many publications issued at stated intervals, such as academic journals (including scientific journals), or the record of the transactions of a society, are often called journals. In academic use, a journal refers to a serious, scholarly publication that is peer-reviewed. A non-scholarly magazine written for an educated audience about an industry or an area of professional activity is usually called a trade magazine.
The word "journalist", for one whose business is writing for the public press and nowadays also other media, has been in use since the end of the 17th century.
The newspaper mainly has a middle-class and professional readership throughout North East England, covering a mixture of regional, national and international news. It also has a daily business section and sports page as well as the monthly Culture magazine and weekly property supplement Homemaker.
News coverage about farming is also an important part of the paper with a high readership in rural Northumberland.
It was the named sponsor of Tyne Theatre on Westgate Road during the 2000s, until January 2012.
The first edition of the Newcastle Journal was printed on 12 May 1832, and subsequent Saturdays, by Hernaman and Perring, 69 Pilgrim Street, Newcastle. On 12 May 2007, The Journal celebrated its 175th Anniversary and 49,584th issue.
A plain bearing (in railroading sometimes called a solid bearing) is the simplest type of bearing, comprising just a bearing surface and no rolling elements. Therefore the journal (i.e., the part of the shaft in contact with the bearing) slides over the bearing surface. The simplest example of a plain bearing is a shaft rotating in a hole. A simple linear bearing can be a pair of flat surfaces designed to allow motion; e.g., a drawer and the slides it rests on or the ways on the bed of a lathe.
Plain bearings, in general, are the least expensive type of bearing. They are also compact and lightweight, and they have a high load-carrying capacity.
The design of a plain bearing depends on the type of motion the bearing must provide. The three types of motions possible are:
When European explorers arrived at the area around what is now Tippecanoe County, it was inhabited by a tribe of Miami Indians known as the Ouiatenon or Weas. In 1717, the French government established Fort Ouiatenon across the Wabash River and three miles (5km) south of present-day Lafayette. The fort became the center of trade for fur trappers, merchants and Indians. An annual reenactment and festival known as Feast of the Hunters' Moon takes place there each autumn.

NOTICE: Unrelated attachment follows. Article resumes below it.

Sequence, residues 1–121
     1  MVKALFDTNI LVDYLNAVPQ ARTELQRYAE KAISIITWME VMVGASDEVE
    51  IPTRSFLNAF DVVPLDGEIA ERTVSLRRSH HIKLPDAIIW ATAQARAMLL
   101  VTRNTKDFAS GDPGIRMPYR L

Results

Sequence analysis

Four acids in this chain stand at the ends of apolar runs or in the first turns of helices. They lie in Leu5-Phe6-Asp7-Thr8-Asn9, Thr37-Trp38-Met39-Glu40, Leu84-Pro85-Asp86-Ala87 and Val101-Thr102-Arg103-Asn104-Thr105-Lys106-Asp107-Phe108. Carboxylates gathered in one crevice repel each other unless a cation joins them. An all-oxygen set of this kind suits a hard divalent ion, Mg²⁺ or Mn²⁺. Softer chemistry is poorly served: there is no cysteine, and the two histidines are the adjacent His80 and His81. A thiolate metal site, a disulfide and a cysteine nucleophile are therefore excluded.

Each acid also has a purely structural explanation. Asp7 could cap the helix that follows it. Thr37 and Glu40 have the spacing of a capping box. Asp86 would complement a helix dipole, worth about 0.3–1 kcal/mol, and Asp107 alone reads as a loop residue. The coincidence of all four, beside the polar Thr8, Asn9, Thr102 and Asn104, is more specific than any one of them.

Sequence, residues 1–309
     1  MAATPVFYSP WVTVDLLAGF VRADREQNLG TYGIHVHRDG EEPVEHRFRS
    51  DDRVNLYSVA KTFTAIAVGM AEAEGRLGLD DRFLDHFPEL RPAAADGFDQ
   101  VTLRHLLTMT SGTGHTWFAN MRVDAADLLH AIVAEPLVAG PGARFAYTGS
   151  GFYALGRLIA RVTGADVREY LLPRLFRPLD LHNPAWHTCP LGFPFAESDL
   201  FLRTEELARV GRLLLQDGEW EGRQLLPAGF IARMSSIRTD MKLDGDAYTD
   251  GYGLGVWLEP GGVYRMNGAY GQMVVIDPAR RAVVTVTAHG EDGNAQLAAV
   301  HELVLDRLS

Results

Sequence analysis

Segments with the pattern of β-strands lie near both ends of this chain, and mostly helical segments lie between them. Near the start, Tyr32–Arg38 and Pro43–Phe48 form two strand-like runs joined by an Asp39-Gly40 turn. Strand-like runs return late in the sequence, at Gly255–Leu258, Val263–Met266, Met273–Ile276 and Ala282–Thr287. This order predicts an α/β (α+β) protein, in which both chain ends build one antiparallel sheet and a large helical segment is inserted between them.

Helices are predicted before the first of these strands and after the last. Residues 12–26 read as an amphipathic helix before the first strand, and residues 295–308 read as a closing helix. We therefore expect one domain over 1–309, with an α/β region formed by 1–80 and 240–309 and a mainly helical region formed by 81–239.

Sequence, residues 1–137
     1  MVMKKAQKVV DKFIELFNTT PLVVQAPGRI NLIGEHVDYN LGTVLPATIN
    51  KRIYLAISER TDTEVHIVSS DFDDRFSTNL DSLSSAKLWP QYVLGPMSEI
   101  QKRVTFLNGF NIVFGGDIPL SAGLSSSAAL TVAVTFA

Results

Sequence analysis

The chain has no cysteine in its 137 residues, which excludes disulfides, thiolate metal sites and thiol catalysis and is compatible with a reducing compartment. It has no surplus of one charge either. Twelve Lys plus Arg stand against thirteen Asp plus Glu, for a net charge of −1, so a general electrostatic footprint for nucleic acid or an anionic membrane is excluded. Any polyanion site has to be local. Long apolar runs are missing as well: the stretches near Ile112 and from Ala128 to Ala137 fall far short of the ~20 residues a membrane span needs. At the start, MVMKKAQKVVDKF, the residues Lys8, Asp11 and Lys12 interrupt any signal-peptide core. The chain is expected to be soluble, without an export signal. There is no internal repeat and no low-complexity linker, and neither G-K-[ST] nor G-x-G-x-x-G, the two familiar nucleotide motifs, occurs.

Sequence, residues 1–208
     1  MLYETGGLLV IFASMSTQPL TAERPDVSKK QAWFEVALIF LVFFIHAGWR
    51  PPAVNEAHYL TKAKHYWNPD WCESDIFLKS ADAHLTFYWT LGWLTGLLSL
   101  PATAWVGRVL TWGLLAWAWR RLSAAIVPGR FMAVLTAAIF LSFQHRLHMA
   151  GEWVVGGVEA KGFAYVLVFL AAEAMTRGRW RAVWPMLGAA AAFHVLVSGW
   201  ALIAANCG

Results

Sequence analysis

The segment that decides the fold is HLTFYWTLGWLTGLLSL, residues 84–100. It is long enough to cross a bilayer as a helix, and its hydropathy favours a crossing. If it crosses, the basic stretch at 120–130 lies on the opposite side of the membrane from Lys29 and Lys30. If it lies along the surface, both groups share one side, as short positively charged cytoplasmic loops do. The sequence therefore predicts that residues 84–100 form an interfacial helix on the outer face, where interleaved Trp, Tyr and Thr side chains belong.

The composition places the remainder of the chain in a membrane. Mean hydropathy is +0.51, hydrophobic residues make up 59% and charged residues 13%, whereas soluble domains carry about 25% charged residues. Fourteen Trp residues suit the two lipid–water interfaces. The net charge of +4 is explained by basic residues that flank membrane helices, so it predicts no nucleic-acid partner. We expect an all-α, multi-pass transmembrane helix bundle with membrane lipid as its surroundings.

Lafayette (/ˌlæfiˈjɛt/; French:[lafajɛt]) is a city located along the Vermilion River in southwestern Louisiana. The city of Lafayette is the fourth-largest in the state, with a population of 120,623 at the 2010 census. The combined statistical area of Lafayette–Opelousas-Morgan City was 611,774 according to 2012 estimates. Lafayette is the parish seat of Lafayette Parish, Louisiana. Its nickname is The Hub City.
The American city was founded as Vermilionville in 1821 by Jean Mouton, a French-speaking man of Acadian descent. In 1884, it was renamed for General Lafayette, who fought with and significantly aided the American Army during the American Revolutionary War. The city's economy was primarily based on agriculture until the 1940s, when the petroleum and natural gas industries became dominant. Lafayette is considered the center of Acadiana, the area of Cajun and Creole culture in Louisiana and the United States, which developed following the relocation of Acadians after their expulsion by the British from eastern Canada in the late 18th century following France's defeat in the Seven Years' War. There is a strong Louisiana Creole influence in the area.